Evaluating safety and efficacy with our psilocybin trials
As part of our initiative to move psilocybin toward legalization, we are working with Health Canada to conduct multiple clinical trials evaluating its safety and efficacy. Following the completion of our Phase I clinical trial in 2022, we are now looking to conduct our Phase II clinical trial for efficacy that runs along with ATMA’s Advanced Psychedelic-assisted Therapy (PaT) Certification Program.
As our Clinical Trials are available only to registered frontline healthcare workers who have completed an approved psilocybin-assisted therapy training program, we invite you to look at our available Training Programs.
A Phase II Study with the intent to assess the efficacy of psilocybin when administered to frontline healthcare workers with COVID-19-related mental health concerns.
A Phase I Study with the intent to assess the safety of psilocybin when administered to healthy participants. This clinical trial for psilocybin-assisted therapy will evaluate the safety and tolerability of psilocybin in the healthcare practitioners.
End-of-life anxiety in palliative care patients is extremely prevalent, and conventional methods are not always sufficient in treating such anxiety. Psilocybin-assisted therapy not only holds the promise of high levels of efficacy, but also allows for patients to discover personal insights in a shorter period of time than conventional methods, which is crucial for palliative care patients whose time is limited.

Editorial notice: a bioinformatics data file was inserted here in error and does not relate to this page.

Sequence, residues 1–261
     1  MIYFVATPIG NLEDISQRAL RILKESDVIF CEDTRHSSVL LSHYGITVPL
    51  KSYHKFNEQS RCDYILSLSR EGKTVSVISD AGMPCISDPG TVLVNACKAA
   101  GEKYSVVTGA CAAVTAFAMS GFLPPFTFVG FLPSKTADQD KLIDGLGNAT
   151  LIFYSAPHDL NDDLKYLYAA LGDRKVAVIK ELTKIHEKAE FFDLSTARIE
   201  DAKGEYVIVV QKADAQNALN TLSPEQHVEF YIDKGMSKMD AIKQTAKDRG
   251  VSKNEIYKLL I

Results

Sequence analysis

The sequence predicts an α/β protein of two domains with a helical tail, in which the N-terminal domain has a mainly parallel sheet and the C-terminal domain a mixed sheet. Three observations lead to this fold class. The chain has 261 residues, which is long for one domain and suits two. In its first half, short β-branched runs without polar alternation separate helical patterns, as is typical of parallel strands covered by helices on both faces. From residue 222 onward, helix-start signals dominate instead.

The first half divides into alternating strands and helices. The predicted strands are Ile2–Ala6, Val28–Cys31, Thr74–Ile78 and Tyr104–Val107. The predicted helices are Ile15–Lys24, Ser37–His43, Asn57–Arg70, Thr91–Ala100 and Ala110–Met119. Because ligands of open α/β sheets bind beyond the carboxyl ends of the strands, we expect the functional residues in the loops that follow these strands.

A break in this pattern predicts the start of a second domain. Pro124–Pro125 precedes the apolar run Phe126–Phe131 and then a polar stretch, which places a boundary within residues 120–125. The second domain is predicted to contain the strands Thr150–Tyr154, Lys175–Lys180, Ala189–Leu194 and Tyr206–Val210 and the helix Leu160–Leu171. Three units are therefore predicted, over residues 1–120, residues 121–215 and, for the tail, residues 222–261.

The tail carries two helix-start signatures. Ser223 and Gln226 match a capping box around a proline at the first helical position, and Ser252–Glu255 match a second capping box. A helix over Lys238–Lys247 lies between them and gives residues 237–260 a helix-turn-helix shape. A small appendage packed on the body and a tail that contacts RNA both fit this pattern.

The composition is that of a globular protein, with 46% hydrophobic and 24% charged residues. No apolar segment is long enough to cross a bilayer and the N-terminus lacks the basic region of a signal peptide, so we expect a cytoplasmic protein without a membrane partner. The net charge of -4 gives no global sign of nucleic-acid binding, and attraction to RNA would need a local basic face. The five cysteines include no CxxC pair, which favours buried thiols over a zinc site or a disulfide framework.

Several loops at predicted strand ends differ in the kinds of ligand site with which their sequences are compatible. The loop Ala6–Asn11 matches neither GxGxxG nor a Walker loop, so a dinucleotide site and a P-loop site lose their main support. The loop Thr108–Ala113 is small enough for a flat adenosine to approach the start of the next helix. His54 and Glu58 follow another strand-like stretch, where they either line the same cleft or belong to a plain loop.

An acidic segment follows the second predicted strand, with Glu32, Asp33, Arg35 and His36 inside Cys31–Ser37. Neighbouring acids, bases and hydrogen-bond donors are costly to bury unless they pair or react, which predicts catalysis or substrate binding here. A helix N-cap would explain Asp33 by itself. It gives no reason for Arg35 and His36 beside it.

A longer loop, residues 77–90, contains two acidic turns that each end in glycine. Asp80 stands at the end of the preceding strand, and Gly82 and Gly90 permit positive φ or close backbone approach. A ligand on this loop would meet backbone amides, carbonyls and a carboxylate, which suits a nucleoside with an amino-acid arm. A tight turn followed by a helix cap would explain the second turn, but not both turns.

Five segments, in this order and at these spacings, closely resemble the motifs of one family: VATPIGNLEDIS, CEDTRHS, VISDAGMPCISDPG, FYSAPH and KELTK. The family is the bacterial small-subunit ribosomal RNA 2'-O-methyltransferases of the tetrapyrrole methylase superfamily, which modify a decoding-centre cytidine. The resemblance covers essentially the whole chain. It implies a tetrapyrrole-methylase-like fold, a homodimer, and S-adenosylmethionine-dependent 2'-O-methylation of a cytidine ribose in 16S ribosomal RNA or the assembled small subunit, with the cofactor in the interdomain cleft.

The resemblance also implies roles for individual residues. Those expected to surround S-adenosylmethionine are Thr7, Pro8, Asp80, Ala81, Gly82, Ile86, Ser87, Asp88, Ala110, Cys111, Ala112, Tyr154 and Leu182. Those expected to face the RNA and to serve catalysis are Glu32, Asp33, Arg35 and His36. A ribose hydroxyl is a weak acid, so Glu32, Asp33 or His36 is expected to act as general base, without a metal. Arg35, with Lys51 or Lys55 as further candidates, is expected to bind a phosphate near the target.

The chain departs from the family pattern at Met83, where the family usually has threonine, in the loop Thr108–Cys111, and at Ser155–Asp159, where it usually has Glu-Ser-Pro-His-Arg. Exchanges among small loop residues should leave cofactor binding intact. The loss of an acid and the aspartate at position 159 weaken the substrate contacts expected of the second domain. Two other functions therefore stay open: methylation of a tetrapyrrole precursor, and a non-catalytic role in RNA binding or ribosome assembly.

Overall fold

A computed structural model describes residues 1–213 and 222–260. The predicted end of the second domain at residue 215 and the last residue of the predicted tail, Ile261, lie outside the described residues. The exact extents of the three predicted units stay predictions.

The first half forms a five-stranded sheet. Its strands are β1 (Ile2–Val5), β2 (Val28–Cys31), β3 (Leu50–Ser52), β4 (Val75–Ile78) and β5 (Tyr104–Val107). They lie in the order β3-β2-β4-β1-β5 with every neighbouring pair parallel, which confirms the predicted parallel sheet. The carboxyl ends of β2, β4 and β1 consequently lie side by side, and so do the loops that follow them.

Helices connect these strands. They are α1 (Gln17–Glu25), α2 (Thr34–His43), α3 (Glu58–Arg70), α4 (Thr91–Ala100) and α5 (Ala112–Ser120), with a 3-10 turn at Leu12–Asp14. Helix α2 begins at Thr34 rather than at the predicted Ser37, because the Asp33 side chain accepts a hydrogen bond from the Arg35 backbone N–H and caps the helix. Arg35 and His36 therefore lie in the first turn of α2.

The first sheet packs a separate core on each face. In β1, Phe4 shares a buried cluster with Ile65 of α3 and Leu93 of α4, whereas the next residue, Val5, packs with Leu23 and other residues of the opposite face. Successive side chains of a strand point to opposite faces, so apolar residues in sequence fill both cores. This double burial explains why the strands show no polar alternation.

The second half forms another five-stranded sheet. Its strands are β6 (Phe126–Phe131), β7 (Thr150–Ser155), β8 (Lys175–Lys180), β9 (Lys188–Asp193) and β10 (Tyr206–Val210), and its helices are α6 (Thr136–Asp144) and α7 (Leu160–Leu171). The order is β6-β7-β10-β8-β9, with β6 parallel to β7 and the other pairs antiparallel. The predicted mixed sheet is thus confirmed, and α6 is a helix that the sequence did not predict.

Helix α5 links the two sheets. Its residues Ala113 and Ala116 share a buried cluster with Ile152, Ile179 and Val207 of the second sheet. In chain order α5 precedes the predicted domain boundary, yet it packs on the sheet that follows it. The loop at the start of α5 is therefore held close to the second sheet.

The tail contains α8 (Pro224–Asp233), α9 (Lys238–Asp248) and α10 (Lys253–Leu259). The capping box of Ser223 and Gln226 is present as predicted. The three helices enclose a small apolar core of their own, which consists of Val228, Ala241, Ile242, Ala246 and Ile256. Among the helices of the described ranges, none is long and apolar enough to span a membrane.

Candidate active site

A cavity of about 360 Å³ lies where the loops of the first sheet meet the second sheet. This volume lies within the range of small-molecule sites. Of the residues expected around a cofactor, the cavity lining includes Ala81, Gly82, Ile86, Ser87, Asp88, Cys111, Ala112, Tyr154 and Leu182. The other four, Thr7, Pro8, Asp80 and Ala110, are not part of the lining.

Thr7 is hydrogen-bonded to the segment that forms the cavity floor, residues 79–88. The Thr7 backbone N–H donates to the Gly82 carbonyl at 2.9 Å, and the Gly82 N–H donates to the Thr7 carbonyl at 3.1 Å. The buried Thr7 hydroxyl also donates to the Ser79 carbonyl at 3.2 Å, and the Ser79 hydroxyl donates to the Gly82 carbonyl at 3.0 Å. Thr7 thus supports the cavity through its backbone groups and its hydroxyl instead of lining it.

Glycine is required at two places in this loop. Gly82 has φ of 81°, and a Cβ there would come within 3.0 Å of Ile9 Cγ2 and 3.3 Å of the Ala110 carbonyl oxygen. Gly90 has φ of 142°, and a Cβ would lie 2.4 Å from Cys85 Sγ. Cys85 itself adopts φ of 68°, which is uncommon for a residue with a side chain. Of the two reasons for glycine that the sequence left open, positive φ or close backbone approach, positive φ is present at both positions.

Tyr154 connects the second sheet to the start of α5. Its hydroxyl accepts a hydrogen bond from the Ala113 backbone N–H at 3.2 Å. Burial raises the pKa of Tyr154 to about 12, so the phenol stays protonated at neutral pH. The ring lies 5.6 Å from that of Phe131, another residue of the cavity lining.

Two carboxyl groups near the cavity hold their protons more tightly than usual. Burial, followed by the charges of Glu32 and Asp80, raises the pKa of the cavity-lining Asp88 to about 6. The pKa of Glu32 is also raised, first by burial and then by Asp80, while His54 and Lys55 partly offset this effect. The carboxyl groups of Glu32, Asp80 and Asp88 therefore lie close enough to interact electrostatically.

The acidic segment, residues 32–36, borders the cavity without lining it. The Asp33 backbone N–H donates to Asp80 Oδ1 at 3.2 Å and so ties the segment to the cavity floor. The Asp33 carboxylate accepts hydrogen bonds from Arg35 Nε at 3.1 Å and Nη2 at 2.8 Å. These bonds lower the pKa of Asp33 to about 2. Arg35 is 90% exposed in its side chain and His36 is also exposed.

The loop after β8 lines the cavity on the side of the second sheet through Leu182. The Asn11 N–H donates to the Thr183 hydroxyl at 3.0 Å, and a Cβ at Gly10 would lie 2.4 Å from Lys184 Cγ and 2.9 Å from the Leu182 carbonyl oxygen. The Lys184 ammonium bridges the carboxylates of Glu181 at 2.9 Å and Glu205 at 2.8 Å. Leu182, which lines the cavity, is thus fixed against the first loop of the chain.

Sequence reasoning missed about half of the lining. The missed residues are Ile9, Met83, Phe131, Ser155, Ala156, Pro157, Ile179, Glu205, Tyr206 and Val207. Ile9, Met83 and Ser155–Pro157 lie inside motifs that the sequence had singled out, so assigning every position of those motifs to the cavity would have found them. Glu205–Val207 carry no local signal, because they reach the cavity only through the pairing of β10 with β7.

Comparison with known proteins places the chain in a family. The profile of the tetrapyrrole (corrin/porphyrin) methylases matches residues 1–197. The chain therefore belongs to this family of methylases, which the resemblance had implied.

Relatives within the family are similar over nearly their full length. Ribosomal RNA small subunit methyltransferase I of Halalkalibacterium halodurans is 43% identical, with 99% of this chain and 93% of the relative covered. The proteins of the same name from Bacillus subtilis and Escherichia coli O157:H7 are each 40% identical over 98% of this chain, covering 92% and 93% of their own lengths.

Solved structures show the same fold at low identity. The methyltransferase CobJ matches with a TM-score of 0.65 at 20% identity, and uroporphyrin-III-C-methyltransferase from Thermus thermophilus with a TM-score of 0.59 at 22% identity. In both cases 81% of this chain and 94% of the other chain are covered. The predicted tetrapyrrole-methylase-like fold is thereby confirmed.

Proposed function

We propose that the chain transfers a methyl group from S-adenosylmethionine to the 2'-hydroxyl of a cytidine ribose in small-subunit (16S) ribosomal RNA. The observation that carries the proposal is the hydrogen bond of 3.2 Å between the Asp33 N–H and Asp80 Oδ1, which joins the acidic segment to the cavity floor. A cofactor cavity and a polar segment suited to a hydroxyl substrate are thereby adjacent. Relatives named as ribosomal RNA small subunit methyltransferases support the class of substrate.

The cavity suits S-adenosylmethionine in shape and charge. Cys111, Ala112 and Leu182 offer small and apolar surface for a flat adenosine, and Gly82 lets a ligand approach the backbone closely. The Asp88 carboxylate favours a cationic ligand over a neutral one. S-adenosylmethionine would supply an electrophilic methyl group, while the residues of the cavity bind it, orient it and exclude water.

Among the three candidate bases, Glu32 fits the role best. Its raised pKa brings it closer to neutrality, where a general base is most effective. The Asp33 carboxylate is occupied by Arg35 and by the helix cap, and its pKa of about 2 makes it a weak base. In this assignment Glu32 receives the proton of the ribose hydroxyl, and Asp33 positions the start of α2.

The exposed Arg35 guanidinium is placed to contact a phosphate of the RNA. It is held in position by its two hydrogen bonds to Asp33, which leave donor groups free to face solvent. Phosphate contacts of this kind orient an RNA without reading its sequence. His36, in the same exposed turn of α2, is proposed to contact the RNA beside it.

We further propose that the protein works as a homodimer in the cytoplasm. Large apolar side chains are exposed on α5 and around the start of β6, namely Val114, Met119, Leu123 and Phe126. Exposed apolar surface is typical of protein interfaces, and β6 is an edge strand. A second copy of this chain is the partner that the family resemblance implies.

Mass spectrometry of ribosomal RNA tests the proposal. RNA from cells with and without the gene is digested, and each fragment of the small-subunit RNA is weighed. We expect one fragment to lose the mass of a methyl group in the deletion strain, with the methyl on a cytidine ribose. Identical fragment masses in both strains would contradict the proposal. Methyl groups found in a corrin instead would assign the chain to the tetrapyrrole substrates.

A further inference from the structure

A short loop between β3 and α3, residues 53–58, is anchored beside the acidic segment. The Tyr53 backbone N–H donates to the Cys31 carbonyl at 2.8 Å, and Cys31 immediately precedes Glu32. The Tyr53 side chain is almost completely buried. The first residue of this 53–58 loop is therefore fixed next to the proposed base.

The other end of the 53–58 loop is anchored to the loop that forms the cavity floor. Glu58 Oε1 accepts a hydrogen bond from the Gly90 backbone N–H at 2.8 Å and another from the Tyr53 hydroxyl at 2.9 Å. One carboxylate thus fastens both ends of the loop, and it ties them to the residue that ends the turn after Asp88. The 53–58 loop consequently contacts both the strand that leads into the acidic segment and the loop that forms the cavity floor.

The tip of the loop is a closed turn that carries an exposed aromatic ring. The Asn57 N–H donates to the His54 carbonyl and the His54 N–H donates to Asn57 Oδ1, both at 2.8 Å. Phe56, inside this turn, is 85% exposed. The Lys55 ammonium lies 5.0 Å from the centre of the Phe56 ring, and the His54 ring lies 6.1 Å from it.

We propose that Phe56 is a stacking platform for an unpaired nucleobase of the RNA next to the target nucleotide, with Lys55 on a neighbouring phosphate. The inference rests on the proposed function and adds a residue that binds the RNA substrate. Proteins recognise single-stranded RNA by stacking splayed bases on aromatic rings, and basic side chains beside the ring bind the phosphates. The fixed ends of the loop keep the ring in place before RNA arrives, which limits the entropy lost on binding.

It is important for this population of patients to have access to this medicine, and the evaluation of safety and efficacy of psilocybin in this population will move it closer to legalization. This is a psychedelic clinical trial that we plan to undertake in the near future.
Terminal cancer patient Tony White is the first Albertan to have undergone legal psychedelic therapy in Canada since Health Canada started allowing palliative care patients to take magic mushrooms to relieve end-of-life distress last year.